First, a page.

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Game of Grains:

Why India’s agri-food policies need a holistic review by Raghavan Sampathkumar, SmartAgBiz, Singapore


Milling and Grain has invited Raghavan Sampathkumar, an agribusiness professional, based in Singapore, to provide an overview of changing food policies on the ‘food basket’ in developing countries such as India. Mr Sampathkumar analyses key trends in the global agri-food sector and writes commentaries and columns related to food prices, food crisis, sustainability, hunger and poverty

he term ‘food basket’ here in India actually means a real basket that an average Indian homemaker takes to shop for groceries and food. Some decades ago, her basket (nowadays, ‘his’ too), will contain plenty of vegetables, small millets and a rich variety of leafy greens in addition to staple grains, such as rice and wheat. However, many of the above items had been vanishing, albeit slowly from the food basket, and most of these are not even known to the millennials and Gen X. Even the older generation, that is popularly called as the baby boomers, and who used to consume these diverse foodstuffs everyday had, to a large extent, forgotten them. The transformation of diet in India over the past few decades is mindblowing in the extreme and disturbing to boot. In this article I would like to discus the key macro trends in the consumption of select food crops in India; possible causes of the transformation of diets; potential impacts on health and wellbeing and, finally, the importance of enabling policies that can augment not only food but the nutritional security of a country. Although this analysis is primarily related to India, the recommendations and implications can be applied to any country that shares a similar agrarian, demographic and socio-economic profile.

Is shrinking diet diversity a serious concern?

If one might think how relevant or important diversity in diets is - that is, the different types of commodities and foods that supply nutrients - then they should consider this. In a recent study 34 | Milling and Grain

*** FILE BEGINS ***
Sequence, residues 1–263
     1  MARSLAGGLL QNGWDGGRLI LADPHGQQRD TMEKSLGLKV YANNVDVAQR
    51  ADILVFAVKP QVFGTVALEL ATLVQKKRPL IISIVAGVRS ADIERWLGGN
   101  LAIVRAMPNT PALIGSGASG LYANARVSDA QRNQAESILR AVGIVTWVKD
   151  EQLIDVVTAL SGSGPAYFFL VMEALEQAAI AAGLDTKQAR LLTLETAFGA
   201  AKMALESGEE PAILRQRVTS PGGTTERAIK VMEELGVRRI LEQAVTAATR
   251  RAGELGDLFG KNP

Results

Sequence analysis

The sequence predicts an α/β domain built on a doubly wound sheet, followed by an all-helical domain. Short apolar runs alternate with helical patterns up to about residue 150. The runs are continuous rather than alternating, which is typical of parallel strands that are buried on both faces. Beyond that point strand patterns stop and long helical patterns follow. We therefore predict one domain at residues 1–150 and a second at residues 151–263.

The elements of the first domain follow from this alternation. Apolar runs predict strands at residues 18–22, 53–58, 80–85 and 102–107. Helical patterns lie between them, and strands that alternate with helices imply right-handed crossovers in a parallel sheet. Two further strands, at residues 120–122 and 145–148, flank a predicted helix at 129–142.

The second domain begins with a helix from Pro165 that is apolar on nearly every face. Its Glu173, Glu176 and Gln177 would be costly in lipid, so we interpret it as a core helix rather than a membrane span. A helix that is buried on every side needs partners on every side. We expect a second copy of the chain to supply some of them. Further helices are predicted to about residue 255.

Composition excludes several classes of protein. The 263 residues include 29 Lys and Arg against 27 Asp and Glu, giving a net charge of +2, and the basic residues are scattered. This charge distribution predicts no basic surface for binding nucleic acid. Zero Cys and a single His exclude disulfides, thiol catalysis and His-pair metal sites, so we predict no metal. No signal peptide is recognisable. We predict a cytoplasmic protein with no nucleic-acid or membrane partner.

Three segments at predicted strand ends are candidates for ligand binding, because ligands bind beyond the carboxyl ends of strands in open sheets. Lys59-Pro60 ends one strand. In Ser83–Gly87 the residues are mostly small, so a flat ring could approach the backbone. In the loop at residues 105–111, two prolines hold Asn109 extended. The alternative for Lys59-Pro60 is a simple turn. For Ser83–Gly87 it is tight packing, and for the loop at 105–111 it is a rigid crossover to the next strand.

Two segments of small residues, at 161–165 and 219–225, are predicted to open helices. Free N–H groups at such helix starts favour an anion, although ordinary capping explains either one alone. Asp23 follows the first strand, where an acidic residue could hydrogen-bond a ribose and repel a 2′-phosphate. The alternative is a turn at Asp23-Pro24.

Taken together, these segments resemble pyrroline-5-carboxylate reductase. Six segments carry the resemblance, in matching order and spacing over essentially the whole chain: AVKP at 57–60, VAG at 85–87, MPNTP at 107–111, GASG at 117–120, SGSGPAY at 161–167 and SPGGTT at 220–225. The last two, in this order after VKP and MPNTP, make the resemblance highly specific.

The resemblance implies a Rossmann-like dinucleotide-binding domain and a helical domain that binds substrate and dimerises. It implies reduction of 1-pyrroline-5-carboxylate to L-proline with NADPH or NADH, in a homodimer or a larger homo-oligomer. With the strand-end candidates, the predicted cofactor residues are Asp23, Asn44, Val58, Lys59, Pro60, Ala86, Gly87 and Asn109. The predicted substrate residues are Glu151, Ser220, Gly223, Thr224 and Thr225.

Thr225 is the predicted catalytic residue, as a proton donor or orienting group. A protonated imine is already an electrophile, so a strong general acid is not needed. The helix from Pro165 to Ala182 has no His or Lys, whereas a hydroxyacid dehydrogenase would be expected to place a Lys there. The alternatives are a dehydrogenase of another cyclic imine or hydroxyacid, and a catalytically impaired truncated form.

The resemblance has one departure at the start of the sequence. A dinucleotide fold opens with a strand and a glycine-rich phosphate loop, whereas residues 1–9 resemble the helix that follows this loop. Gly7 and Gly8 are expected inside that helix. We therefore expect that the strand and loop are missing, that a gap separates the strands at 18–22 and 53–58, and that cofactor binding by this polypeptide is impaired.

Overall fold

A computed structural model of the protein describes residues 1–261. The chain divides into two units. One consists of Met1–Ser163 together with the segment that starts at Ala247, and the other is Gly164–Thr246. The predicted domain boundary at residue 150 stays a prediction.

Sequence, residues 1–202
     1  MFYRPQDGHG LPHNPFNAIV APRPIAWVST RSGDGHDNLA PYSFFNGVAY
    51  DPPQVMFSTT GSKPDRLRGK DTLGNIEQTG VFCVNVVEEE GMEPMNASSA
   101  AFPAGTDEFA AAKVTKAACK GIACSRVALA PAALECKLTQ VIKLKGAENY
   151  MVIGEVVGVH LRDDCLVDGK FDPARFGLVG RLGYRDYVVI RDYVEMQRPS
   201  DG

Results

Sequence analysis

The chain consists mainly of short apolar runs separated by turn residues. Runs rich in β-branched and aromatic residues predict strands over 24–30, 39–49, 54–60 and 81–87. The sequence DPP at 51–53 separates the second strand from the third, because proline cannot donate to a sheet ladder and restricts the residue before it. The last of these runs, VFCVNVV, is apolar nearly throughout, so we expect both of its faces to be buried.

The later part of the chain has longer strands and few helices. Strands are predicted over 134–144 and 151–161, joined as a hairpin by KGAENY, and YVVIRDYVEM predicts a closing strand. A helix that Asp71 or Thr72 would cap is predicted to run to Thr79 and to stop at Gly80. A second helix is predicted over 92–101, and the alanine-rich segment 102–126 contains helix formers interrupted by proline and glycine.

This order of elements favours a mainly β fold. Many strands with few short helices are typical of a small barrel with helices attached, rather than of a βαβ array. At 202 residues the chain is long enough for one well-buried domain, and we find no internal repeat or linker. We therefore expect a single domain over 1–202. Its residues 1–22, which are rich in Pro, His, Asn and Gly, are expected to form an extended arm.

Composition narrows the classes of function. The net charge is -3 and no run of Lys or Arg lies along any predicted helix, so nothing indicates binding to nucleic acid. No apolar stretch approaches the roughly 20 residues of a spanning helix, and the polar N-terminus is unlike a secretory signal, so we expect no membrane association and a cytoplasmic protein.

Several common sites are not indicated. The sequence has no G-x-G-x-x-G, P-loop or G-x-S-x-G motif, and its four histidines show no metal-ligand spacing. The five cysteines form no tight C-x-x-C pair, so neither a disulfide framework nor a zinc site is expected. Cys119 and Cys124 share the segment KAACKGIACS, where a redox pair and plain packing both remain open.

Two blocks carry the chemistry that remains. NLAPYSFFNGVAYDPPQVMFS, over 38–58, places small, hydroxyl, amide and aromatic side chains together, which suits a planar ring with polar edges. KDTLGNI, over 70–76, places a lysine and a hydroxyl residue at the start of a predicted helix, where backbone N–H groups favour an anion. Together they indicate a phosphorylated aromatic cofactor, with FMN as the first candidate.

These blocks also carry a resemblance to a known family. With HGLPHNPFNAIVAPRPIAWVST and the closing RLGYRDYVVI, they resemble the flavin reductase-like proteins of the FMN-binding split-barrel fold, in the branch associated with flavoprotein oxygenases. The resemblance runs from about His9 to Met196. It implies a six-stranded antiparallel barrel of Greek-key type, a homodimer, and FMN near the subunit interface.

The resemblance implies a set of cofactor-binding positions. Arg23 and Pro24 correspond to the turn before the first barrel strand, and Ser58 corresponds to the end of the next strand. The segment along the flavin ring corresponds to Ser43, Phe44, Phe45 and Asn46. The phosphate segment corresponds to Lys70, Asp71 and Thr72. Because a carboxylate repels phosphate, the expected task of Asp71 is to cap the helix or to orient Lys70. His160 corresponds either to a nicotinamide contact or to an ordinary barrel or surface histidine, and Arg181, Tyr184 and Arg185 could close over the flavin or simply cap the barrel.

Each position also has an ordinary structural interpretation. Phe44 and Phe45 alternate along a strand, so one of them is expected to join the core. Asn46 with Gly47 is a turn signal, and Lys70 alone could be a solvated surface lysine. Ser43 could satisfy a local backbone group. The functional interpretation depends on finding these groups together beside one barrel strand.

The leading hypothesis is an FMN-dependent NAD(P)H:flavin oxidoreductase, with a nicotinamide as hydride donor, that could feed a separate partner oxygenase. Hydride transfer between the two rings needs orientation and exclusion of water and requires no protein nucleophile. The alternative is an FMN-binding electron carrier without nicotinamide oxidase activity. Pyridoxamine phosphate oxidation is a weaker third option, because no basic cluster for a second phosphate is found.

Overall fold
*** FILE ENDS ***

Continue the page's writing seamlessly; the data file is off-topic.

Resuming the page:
on how and from where population in different countries derive their calories revealed that in the past 50 years, more and more countries became dependent on fewer crops. In other words, diets of majority of people in several countries across the globe are becoming homogeneous and the dependence on few key crops such as wheat, maize (corn) and soybean. If harvests in any of the major regions that produce these crops face adverse weather, the ramifications go deeper and wider across the globe. Prices tend to soar, and producing countries may take knee-jerk reactive measures to curb trade which will further strangle global availability. Any increase in food prices will push millions deep or deeper into hunger and poverty, particularly in the low-income food deficit countries in Asia and Africa. These issues may cause social unrest and may lead to unexpected situations like the recent Arab Spring.

Possible causes impacting diet diversity

Rising disposable incomes in tandem with economic growth are driving dietary changes particularly in favour of animal protein which in turn drives enormous growth in corn and soybean sectors. The much-celebrated middle-class boom in Asia where more than a couple of hundred million people came out of abject poverty in the last three decades and growing affluence in the middle-to-high income socio-economic classes have also contributed significantly to this phenomenon. However, these few major crops have gradually been replacing a huge variety of traditional and indigenous food crops across the world. For example, in India, there used to be a time when minor

Aug 2015 - Milling and Grain magazine  

The August 2015 edition of Milling and Grain magazine

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